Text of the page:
Thus can we never be finally overthrown. Our supplies in Christ can never be exhausted. All power in Heaven and in earth is in His hand. And whatever from this moment we may fear or feel, in Christ at least we shall be more than conquerors.

I cannot close without a few words to those who are serving other masters, or, at least, who have not given themselves unreservedly to Christ. Perhaps you are attempting a divided service serving Christ a little, but the world far more. Perhaps you are halting and undecided you would have the Savior's reward, but will not part with the world's vanities. Or perhaps you are quite decided, but on the wrong side. You are a servant of sin, and you have no part or lot in Christ. Whichever it is, Christ looks upon you as a stranger to Him, and as yet serving in the ranks of the adversary.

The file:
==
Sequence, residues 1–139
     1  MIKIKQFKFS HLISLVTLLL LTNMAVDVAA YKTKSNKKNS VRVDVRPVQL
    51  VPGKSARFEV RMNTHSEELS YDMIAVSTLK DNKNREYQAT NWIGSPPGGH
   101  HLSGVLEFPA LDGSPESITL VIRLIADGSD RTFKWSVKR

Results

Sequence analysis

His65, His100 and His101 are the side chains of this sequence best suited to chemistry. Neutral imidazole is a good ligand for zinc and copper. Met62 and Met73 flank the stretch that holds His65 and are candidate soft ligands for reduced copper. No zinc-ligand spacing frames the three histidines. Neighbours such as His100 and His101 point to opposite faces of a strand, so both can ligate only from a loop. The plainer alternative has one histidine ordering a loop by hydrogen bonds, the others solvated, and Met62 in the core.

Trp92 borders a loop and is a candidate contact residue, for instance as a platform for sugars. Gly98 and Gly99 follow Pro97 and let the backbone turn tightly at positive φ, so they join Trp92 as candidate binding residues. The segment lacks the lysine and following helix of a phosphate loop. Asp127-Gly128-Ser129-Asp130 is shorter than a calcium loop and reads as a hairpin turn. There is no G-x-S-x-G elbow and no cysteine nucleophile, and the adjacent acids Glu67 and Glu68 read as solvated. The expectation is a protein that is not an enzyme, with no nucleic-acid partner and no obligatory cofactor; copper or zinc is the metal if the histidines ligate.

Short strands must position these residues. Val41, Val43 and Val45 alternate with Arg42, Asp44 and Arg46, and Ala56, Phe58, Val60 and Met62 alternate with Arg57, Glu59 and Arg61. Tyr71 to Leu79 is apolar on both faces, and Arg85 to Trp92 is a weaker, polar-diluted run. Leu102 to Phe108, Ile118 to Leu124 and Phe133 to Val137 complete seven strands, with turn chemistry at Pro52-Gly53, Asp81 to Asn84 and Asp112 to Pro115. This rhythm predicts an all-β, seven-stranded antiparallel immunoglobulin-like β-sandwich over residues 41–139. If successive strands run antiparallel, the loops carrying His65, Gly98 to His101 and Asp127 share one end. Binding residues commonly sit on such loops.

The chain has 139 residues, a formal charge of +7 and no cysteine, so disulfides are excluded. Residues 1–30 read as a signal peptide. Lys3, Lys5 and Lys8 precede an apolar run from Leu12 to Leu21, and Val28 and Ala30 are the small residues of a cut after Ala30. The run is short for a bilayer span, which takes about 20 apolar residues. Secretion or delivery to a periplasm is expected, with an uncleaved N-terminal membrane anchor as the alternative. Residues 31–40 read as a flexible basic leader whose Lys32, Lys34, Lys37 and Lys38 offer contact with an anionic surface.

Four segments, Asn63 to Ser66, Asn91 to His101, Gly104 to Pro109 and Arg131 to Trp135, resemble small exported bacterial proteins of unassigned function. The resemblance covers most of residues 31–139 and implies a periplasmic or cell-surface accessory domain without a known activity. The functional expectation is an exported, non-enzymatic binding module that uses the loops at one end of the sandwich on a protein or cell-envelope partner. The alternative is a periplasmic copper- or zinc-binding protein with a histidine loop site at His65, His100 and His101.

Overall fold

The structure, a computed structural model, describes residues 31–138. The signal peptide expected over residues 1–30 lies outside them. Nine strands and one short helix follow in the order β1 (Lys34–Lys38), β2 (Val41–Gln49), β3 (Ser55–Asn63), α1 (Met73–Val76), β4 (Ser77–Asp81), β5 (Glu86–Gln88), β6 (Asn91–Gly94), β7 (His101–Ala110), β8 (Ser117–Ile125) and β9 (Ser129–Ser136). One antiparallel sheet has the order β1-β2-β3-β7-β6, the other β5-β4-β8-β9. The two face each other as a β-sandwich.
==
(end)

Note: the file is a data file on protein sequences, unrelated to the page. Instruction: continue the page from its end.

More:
But what shall I counsel you to do? Change masters this very day! Cast off the yoke of sin and give yourself up to Christ. Renounce the world, the flesh, and the devil, and ask the Lord Jesus to take you as you are, to forgive all that is past, and to help you to serve Him aright. There is no need to wait. Christ will take you just as you are, if you honestly yield yourself to Him. He will take you just as you are, for though there is nothing good whatever to be said for you, yet He will freely save and bless and help you, and teach you how to live a holy life. Humble yourself at His footstool, and come to Him even now. Why should another year, another week, another day be wasted in a service that cannot profit?